20 Dec
Most fat cells are called white fat cells - they store excess energy and make it tough to lose weight. But we've discovered how to turn mice's white fat cells into energy burning brown fat cells, and humans could be next. More »

Giant storks lived among the ancient "hobbit" people of Indonesia [Monsters Among Us]

08 Dec
The ancient species of "hobbit people" called Homo florensiensis may have shared their Indonesian island with giant 6-foot-tall cranes. Their antagonistic relationships with these bird monsters may have made it into ancient art, too. More »

Bacteria evolve a way to share electrons

04 Dec

Life is powered by the shuffling of electrons. When organisms break down a food source like a sugar, they're really extracting high-energy electrons, which they shuffle down through intermediate proteins before they end up in a final electron acceptor. For most of the life we're familiar with, that acceptor is oxygen. But for various microbes that thrive in the absence of oxygen, a variety of other chemicals are used.

A few bacteria don't even use a chemical receptor at all, instead transferring their excess electrons to metals in their environment (these can form the basis of microbial fuel cells). Now, researchers have witnessed the evolution of a bacteria that transfers its electrons to another bacteria, which goes on to put them to further use.

There are a number of symbiotic relationships like this among the microbes, some of which can metabolize an organic molecule, while others can transfer them to a low-energy chemical. Typically, the bugs exchange an organic chemical or hydrogen to a symbiotic bacteria that extracts further energy from it.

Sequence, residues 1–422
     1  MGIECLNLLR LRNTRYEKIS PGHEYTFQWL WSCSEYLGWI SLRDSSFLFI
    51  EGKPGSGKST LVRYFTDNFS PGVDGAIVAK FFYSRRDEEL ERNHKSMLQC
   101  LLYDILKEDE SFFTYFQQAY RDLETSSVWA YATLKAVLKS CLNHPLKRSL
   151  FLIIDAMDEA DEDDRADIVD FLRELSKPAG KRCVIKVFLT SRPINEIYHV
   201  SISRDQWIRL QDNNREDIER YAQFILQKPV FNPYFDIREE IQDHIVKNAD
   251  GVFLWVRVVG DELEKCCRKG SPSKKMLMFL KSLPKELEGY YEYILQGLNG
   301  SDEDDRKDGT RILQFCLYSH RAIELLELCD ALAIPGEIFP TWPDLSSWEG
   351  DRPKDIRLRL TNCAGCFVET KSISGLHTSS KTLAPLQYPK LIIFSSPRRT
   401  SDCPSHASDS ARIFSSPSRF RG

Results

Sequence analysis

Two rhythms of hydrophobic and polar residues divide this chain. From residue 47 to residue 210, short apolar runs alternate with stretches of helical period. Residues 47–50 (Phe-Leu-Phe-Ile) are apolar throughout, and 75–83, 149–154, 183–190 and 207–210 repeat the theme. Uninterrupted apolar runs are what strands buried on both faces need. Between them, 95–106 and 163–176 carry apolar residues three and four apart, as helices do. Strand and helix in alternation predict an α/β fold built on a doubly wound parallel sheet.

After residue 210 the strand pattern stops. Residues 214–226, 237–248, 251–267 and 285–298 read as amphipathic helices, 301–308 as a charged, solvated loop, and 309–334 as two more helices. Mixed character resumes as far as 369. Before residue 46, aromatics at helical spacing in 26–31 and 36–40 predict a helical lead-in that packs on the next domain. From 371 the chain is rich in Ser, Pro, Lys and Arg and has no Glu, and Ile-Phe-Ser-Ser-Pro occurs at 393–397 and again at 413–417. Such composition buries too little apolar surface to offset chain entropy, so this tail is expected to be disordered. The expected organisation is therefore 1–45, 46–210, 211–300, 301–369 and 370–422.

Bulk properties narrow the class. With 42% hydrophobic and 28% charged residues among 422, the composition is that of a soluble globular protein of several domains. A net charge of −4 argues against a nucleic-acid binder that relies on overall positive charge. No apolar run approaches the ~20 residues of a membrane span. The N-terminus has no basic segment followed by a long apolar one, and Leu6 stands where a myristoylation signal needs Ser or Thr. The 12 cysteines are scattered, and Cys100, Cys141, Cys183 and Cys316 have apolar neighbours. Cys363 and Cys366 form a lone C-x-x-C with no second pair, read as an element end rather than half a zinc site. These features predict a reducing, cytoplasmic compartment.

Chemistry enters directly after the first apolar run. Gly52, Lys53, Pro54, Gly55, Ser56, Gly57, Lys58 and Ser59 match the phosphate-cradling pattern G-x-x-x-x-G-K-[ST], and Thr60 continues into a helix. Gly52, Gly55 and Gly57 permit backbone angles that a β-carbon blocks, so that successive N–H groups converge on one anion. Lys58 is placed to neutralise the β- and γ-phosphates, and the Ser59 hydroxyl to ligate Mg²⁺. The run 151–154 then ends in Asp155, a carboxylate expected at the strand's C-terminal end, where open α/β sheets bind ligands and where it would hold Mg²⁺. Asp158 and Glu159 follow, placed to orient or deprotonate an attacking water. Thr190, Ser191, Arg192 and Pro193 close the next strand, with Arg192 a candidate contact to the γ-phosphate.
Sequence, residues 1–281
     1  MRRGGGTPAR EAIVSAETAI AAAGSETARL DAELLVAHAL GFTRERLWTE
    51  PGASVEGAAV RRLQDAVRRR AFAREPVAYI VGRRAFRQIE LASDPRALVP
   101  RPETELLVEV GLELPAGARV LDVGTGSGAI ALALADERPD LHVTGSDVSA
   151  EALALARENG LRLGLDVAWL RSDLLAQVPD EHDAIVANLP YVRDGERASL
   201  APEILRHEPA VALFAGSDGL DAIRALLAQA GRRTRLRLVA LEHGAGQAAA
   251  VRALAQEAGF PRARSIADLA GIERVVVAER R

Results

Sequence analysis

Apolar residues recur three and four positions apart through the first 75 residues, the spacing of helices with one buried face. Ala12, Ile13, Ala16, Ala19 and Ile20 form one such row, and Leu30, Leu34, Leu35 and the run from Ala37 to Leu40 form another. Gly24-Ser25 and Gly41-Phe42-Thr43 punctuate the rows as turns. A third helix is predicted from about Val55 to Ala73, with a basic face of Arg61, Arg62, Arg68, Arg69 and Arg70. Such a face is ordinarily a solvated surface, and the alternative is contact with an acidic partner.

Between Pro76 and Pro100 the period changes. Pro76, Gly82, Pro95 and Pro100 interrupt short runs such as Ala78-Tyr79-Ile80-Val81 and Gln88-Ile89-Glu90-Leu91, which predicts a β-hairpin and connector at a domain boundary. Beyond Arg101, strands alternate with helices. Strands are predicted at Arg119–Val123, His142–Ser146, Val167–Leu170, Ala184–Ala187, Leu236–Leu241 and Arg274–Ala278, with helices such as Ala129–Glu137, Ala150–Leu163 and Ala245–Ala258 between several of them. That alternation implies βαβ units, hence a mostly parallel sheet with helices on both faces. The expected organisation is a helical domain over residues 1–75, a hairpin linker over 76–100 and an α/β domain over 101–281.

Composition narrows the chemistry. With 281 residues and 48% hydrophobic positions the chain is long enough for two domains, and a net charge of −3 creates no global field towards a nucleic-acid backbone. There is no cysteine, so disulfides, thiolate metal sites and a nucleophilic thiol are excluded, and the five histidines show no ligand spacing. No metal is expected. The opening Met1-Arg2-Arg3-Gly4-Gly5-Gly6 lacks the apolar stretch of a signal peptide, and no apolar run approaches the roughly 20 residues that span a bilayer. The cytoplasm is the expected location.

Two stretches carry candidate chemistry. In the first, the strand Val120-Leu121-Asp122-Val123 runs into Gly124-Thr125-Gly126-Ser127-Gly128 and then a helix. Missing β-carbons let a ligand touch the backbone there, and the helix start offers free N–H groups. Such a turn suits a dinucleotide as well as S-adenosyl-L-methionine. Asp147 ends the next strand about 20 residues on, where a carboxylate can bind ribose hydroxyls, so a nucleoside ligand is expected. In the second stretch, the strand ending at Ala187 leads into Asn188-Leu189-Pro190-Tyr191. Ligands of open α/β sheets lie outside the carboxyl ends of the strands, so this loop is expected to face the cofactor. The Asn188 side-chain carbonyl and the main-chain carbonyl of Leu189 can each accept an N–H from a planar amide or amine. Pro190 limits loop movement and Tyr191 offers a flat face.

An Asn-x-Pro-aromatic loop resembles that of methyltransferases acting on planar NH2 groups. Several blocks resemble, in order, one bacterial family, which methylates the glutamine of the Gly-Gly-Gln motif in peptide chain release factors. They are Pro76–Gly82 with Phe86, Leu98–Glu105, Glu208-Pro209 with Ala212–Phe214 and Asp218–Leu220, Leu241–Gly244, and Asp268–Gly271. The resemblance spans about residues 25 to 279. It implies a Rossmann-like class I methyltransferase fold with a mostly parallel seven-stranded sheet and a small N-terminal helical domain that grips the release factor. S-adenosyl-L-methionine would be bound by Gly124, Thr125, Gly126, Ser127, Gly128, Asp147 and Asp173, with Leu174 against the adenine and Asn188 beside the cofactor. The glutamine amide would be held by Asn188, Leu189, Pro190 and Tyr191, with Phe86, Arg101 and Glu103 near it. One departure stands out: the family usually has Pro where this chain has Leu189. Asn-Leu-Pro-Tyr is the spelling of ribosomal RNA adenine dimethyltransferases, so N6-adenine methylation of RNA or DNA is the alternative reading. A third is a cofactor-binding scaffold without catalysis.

In the current paper, the authors forced two different species of bacteria to live in an anaerobic environment, and provided them with ethanol as food. Initially, they grew very poorly. After several transfers, however, the rate of growth improved, and small, colored nodules began to appear in the culture, which contained a mix of the two types of bacteria. The authors checked a number of the chemicals that are typically used to transfer electrons in these symbiotic cultures, but saw no evidence of their being used.

To figure out what was going on, they did whole-genome sequencing, and found only one change: a single base missing in the gene for a protein that regulates RNA production. Making a similar mutation in another strain also allowed those bacteria to form quick-growing nodules. The mutation appears to cause proteins involved in electron transfer to be expressed at increased levels. These proteins end up on pilli, arm-like structures that extend out from the bacteria.

As a result, the authors conclude that one of the two species of bacteria has evolved the ability to transfer electrons directly to their neighboring species, allowing both to get more energy out of the limited food available.

Science, 2010. DOI: 10.1126/science.1196526  (About DOIs).